Changes in the genome of a cell mean that control over its growth has been lost and it is referred to as degenerative. Tumors from such degenerate cells are benign if they grow but do not spread to neighboring organs or form metastases in other organs. In all other cases, the tumor is malignant (cancer).

The two most common and important types of esophageal cancer (esophageal carcinoma) are squamous cell carcinoma and adenocarcinoma.


Medical counsel Dr. Claus Puhlmann

Written in accordance with current scientific standards and carefully reviewed by medical professionals.

Overview

Esophageal cancer - Further information

What’s the esophagus?

The esophagus is about 25 cm long and lies behind the trachea. It connects the mouth and throat with the stomach. As a muscular tube, it transports food into the stomach with its wave-like movements. Both at the upper and lower end it is closed by sphincters, which are opened briefly during the swallowing process. The lower sphincter prevents the aggressive, acidic gastric juice from flowing back into the esophagus and causing damage there. The esophagus is lined with a mucosal covering layer (a so-called squamous epithelium), which changes into a glandular mucosa in the area of the transition to the stomach ( esophagogastric transition).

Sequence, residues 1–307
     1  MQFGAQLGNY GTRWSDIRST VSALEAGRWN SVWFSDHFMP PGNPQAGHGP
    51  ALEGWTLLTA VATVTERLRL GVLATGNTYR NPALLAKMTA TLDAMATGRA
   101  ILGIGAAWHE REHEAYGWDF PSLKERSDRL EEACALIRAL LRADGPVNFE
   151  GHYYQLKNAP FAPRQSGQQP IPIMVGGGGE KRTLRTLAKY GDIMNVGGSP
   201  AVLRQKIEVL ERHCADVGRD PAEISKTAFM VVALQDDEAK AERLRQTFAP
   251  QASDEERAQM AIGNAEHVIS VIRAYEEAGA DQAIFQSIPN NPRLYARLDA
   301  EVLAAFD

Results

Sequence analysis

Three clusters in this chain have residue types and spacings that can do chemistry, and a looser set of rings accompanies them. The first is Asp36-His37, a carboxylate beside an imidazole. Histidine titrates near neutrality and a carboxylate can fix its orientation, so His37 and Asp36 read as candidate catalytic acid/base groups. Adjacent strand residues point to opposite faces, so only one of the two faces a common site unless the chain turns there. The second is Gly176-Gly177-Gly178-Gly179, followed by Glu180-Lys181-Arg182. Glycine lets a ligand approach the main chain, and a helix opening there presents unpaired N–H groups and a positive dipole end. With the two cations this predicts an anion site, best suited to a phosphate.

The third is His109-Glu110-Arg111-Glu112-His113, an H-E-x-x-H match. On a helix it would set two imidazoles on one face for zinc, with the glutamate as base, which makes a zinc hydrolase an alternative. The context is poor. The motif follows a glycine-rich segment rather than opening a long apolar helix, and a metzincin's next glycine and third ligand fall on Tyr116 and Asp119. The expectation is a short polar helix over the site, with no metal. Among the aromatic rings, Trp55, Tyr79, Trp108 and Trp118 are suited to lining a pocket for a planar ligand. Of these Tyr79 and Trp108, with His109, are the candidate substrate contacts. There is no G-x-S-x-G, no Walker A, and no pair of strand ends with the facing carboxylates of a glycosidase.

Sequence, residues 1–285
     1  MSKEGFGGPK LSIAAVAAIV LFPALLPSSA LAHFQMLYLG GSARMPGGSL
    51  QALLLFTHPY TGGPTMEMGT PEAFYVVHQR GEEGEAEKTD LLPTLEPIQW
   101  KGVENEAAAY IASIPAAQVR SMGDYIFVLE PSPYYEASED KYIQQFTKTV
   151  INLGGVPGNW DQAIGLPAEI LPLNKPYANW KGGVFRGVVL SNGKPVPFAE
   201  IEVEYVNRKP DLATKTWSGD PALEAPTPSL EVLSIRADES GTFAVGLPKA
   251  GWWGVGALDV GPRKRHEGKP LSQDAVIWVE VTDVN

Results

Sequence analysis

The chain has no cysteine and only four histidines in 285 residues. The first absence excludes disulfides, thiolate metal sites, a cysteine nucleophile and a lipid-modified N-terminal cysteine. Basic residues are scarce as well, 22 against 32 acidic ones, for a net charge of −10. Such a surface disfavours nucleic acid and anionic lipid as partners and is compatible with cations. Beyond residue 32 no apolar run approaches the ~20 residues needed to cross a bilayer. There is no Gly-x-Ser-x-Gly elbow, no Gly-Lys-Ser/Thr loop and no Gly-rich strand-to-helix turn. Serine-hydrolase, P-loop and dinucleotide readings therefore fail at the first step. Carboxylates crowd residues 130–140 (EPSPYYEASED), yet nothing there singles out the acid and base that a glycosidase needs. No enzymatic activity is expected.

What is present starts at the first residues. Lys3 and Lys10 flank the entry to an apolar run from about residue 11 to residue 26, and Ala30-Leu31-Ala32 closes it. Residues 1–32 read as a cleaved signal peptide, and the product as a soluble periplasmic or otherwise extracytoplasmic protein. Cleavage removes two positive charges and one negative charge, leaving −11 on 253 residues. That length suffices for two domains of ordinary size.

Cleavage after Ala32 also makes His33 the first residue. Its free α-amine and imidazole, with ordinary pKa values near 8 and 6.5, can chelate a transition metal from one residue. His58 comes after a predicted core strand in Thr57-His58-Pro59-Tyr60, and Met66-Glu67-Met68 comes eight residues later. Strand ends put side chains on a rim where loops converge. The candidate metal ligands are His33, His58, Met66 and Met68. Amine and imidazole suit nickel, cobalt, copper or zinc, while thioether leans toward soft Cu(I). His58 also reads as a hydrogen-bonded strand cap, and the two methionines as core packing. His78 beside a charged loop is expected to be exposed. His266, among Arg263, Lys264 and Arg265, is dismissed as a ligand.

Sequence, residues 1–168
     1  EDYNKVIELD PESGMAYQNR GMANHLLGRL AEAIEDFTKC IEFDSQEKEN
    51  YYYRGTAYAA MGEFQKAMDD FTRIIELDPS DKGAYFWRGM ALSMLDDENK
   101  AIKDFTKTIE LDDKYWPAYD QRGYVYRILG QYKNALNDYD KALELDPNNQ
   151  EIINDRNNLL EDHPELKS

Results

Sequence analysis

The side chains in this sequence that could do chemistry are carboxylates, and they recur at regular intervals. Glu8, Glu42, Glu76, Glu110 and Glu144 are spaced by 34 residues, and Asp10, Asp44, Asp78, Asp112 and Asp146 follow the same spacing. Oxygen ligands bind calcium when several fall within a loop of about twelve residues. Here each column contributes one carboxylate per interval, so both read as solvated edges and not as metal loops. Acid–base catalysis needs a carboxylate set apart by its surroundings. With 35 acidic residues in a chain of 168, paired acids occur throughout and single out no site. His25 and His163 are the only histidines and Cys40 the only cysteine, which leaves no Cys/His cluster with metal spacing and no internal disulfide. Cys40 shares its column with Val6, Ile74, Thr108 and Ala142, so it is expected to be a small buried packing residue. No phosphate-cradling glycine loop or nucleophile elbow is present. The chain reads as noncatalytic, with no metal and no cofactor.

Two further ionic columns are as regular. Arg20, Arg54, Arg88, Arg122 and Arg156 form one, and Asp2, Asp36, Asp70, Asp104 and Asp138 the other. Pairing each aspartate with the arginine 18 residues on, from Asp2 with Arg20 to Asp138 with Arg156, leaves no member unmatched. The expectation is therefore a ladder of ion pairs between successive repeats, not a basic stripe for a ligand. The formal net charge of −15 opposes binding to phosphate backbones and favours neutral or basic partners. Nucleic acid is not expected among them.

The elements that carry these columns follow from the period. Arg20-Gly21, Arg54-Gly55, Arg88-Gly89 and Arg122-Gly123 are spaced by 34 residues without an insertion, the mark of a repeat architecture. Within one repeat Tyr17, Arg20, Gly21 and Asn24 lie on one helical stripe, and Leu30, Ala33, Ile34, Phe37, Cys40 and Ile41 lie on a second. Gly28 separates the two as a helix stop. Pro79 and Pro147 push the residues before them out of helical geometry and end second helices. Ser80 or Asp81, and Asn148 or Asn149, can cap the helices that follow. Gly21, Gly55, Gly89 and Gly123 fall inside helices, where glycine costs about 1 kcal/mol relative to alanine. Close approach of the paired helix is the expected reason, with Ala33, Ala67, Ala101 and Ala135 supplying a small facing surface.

What diseases are treated by esophageal cancer specialists?

Experts in esophageal cancer treat all malignant tumors of the esophagus:

  • Squamous cell carcinoma arises from cells of the squamous cell and can occur in all sections of the esophagus.
  • Adenocarcinoma develops from cells of the glandular mucosa and is therefore usually found only in the lower part of the esophagus.
  • Gastrointestinal stromal tumors (GIST) are an umbrella term for cancers of the digestive system, and thus also of the esophagus, which develop from connective or supporting tissue. GIST are considered to be soft tissue sarcomas (malignant soft tissue and soft tissue tumors).